Understanding the mechanisms that led to life as we know it is one of the most fascinating puzzles in modern science. Yet, two important aspects of this puzzle still elude us. We do not fully understand how the first proto-cells could have formed, and what factors might have favored cooperation among the first living entities necessary for the construction of increasingly complex biological objects. Several solutions have been proposed to account for these two phenomena, but none are entirely general and definitive. What if there was a common solution to these two puzzles in a completely common physical process?
This assumption is precisely the subject of a research project I conducted, which explored the possible role of diffusion as a driver of complexity at the origin of life. Using cutting-edge numerical simulations, we were able to demonstrate that this very common phenomenon can generate both spatial structures and the emergence of cooperative behaviors—two crucial elements for the emergence of life.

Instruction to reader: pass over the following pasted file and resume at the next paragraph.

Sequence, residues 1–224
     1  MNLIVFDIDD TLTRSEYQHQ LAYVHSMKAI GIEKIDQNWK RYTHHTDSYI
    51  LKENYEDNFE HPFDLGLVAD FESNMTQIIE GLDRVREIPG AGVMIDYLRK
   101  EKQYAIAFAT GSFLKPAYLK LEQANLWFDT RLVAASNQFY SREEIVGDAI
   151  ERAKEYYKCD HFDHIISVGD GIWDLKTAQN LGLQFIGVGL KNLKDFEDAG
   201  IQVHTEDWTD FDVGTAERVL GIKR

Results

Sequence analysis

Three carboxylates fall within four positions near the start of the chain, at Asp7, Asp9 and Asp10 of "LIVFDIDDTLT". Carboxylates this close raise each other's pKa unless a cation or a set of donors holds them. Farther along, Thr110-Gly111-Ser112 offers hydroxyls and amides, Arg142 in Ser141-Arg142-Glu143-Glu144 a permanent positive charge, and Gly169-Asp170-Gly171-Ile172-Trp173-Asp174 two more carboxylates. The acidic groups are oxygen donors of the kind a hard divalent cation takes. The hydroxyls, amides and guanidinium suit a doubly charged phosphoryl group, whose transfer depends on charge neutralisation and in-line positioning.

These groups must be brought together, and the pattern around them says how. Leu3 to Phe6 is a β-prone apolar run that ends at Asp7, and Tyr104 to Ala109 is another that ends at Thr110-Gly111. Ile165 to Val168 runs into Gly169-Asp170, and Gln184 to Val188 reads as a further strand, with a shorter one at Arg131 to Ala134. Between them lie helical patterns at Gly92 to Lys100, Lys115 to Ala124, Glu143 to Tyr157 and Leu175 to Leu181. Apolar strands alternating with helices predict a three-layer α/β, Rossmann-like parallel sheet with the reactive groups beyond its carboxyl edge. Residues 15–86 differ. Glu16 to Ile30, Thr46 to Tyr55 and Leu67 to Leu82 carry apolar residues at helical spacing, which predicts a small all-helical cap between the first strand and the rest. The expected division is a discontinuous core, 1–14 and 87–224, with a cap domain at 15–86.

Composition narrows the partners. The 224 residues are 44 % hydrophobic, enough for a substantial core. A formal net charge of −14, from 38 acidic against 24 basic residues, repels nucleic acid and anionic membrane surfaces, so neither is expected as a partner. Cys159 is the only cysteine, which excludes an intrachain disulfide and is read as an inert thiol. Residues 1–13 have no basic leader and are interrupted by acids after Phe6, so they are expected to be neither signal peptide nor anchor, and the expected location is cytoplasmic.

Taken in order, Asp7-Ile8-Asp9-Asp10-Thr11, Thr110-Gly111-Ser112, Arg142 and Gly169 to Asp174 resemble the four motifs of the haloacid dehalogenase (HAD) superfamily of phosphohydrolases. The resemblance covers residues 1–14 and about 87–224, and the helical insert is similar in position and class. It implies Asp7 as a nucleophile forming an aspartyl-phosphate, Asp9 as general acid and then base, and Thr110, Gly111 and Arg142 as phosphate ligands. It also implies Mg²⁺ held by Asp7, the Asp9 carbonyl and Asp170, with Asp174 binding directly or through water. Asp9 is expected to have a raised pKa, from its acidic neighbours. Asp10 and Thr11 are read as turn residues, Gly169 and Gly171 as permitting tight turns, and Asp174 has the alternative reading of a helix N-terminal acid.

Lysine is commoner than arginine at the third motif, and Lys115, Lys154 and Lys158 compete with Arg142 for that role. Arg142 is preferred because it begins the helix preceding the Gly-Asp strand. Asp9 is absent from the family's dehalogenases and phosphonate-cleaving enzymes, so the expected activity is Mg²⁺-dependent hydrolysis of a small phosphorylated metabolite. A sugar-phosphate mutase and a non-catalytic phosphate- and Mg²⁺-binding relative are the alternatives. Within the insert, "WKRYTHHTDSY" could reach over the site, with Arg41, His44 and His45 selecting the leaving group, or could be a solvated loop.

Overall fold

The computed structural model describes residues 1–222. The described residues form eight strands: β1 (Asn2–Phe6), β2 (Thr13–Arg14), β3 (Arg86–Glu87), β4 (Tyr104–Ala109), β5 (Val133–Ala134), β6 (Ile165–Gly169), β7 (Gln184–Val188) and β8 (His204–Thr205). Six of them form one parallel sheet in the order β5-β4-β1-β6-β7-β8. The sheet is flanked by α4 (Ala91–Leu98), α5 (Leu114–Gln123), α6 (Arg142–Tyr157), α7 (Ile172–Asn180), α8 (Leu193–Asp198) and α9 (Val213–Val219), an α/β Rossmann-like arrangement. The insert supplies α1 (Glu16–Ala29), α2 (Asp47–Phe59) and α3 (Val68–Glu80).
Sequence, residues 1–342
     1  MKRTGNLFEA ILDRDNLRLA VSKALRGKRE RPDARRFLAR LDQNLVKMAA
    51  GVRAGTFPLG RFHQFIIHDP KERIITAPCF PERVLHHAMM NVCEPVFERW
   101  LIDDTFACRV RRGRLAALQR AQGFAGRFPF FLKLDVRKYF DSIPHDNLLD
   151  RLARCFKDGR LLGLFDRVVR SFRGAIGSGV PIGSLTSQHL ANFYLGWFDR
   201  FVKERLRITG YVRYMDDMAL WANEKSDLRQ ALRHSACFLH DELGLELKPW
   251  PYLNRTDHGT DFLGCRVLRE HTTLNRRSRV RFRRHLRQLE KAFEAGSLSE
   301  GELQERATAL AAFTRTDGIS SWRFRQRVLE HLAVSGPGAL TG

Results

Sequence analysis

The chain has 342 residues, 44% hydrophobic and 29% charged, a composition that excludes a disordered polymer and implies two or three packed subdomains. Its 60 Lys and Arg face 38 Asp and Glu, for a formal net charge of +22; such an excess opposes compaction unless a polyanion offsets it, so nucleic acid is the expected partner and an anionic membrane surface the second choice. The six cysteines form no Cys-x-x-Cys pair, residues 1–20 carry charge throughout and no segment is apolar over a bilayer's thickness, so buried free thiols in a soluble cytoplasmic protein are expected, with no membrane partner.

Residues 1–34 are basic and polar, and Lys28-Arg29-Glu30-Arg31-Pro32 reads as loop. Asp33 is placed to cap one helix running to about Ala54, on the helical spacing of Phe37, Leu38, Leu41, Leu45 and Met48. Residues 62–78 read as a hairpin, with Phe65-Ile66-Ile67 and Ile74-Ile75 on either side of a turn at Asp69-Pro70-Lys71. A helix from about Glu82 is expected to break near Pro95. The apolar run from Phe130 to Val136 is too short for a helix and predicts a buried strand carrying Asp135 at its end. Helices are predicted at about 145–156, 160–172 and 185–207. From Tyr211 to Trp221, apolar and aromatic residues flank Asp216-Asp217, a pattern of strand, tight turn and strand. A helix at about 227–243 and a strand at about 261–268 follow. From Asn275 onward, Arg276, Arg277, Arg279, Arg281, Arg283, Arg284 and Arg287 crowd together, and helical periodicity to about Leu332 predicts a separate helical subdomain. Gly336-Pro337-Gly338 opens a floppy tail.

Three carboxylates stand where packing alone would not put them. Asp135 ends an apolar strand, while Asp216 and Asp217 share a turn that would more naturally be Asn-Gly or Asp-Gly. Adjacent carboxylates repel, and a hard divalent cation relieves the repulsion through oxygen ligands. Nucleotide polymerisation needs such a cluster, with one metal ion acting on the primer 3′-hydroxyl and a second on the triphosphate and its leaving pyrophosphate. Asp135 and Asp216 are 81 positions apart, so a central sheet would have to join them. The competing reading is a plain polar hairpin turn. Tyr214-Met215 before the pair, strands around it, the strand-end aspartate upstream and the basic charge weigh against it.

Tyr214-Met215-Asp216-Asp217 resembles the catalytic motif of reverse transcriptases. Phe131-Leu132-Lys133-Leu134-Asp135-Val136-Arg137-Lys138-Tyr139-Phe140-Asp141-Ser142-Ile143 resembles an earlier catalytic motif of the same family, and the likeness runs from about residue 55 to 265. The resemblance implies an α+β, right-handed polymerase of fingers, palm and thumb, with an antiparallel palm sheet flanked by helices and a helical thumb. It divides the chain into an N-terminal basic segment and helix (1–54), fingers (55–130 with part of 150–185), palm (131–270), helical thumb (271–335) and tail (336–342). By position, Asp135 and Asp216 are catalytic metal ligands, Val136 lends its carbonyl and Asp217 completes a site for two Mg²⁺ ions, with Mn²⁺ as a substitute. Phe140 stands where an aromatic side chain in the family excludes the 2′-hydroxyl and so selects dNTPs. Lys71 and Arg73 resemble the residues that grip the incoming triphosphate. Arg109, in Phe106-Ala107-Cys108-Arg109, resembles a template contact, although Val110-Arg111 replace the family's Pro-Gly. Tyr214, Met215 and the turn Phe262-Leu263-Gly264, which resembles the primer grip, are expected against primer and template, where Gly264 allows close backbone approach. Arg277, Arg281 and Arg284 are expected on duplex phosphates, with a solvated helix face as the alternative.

This discovery contributes to shedding new light not only on the emergence of life but also on a whole host of complex phenomena that undergo the effects of diffusion and depend on a form of cooperation in the unfolding of their dynamics. Our research thus helps to deepen our understanding of phenomena as varied as the behavior of bacterial colonies, bird flocking, or even traffic congestion.